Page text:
Viking Fur returns with beef farm plan in Trinity Bay
Cavendish company endeavours to diversify into cattle business
A well-known, and at times controversial, mink farming company in Trinity Bay has reapplied with the provincial government to diversify into raising local beef.
The proposed Cavendish Beef Farm is undergoing a provincial environmental assessment, with the starting herd size estimated at 26 animals. The plan would be to eventually expand to 100 by 2023.
If approved, the Belted Galloway cattle operation would be complementary to the existing mink farm, which has been in operation since 2004, employing 45 regular workers and 40 seasonal workers.
"Instead of just oil and gas, we have to try and develop something that we can do here that is sustainable and provide something for our food industry," said co-owner Peter Noer.
The provincial government is aiming to increase food self-sufficiency from 10 per cent to 20 per cent by 2022.
Noer believes his company can help, and said some local restaurants have already expressed interest in the ability to purchase local beef.
"I think it's a great thing we have going for us here, and it's something we do here in this province."
The operation will not be without its challenges, like finding easy access to a slaughterhouse.
It won't get stinkier, Noer says
A near identical application was made and subsequently withdrawn due to technical issues in 2017, Noer told CBC News.
The application drew criticism from The Trinity Bay South Environmental Committee, which argued the expansion would create environmental and economic problems in the region.
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The complaints surrounded flies and the smell from mink manure, which the committee said hurt tourism in the area.
"You can't have a farm without any odour. Of course, I do understand and empathize with the people who find it a nuisance that the smell is there," Noer said.
The company has met with the Town of Hearts Delight-Islington — the community north of the existing farm, and agreed to spread liquid manure on the fields when winds and weather conditions will limit the smell, the government application said.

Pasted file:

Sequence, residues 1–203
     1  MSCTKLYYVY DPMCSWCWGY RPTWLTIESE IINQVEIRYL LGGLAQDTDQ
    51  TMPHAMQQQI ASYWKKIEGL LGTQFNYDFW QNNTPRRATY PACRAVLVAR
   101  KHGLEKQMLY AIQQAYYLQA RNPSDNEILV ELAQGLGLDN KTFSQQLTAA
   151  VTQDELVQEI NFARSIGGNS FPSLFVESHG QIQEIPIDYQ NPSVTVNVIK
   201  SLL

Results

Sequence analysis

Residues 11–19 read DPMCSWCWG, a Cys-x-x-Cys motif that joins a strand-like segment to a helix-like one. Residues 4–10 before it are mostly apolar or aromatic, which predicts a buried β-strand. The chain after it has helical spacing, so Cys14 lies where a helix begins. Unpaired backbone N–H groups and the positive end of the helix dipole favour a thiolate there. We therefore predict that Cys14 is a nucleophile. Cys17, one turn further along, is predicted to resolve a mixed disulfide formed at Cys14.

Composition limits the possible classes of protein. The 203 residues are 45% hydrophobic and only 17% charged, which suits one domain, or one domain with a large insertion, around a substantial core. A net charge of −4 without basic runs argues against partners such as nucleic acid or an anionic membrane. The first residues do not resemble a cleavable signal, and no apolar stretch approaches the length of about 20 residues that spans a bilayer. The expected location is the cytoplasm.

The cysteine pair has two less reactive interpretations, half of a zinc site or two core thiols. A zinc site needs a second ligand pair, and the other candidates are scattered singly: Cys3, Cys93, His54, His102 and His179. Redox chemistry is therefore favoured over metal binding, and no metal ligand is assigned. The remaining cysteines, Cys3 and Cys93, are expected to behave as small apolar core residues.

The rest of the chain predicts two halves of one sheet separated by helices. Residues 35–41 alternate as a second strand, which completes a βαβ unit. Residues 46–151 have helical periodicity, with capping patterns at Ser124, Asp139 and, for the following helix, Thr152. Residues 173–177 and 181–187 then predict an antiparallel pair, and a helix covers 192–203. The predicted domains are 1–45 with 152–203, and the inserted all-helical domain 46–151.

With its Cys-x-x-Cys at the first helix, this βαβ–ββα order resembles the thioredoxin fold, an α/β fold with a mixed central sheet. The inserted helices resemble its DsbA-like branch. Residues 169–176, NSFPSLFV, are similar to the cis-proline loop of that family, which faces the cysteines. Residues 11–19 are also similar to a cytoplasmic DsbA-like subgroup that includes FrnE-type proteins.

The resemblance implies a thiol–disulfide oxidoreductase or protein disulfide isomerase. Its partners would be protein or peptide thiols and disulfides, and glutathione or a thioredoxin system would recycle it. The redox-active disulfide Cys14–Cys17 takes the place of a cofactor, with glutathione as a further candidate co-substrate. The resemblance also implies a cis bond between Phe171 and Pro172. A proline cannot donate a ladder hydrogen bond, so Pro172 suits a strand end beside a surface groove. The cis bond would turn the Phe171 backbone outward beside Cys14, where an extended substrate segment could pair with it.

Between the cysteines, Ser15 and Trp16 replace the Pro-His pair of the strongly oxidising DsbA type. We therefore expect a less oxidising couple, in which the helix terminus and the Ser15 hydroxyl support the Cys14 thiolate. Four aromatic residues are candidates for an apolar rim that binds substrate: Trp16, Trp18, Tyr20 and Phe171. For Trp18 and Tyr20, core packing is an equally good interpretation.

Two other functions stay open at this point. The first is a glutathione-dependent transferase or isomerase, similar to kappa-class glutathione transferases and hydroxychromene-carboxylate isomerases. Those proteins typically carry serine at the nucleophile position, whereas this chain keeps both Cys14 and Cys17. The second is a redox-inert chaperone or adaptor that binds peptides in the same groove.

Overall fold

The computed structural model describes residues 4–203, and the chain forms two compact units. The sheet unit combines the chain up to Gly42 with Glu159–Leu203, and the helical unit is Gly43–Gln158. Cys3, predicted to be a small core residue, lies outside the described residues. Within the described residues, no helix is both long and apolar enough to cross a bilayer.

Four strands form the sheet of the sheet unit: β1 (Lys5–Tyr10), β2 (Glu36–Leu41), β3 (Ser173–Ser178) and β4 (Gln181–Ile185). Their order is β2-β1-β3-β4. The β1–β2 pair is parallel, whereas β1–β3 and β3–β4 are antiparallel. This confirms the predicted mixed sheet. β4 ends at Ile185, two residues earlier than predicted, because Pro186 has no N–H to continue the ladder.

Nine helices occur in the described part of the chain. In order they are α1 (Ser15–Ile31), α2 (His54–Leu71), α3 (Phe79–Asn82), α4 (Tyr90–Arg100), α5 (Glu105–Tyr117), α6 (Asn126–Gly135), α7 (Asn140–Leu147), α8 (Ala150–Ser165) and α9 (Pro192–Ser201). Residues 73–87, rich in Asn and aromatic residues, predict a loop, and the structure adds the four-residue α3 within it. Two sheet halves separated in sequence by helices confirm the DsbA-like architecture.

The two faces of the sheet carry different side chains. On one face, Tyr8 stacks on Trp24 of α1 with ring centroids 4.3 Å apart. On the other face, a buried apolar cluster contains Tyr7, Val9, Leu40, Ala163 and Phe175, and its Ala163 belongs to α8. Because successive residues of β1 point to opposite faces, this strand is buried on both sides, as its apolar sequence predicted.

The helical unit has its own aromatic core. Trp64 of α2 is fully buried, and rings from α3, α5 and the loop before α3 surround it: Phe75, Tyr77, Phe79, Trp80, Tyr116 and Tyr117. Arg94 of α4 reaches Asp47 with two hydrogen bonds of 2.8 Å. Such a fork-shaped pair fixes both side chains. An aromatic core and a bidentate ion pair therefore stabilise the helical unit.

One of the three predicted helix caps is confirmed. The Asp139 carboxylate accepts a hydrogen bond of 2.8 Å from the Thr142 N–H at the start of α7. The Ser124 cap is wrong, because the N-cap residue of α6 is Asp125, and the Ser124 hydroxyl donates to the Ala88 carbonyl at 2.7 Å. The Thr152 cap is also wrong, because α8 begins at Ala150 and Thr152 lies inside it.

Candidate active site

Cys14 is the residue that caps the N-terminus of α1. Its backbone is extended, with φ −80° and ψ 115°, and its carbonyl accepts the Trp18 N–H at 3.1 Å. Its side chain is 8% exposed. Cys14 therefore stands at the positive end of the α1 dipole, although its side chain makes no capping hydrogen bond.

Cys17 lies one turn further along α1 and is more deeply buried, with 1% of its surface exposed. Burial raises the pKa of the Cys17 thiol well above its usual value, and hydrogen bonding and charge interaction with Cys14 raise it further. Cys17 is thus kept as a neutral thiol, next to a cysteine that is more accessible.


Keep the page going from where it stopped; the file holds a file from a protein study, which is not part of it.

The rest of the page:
It means a lot more to the province than a job at the farm. - Peter Noer
Noer said the cows will not create more odour than what the mink farm already does.
An assessment by the Farm Industry Review Board probed the mink farm in 2015 amid complaints from the public about odour coming from the company.
The review board concluded that Viking Fur was "an advanced and professionally-managed operation," but noted concerns over available land base and manure spreading.
According to the application to the Department of Environment and Conservation on Jan. 30, 2019, development will include an additional 117 hectares of Crown land. Work will need to be done to clear, seed and fertilize the land for grazing and forage productions.
Viking Fur Inc. said it will use hay produced by the mink farm to feed the cattle.
"By doing this, Viking Fur Inc. will contribute to the reduction of greenhouse gases by eliminating the transportation of produced forage for their operation," the application said.
Noer said the cattle operation would create a couple of jobs, but he is looking at the bigger picture of sustainability.
"It means a lot more to the province than a job at the farm."
The province is accepting public comments and feedback on the environmental impact statement guidelines, and Noer said he is welcoming feedback from neighbours and the larger community.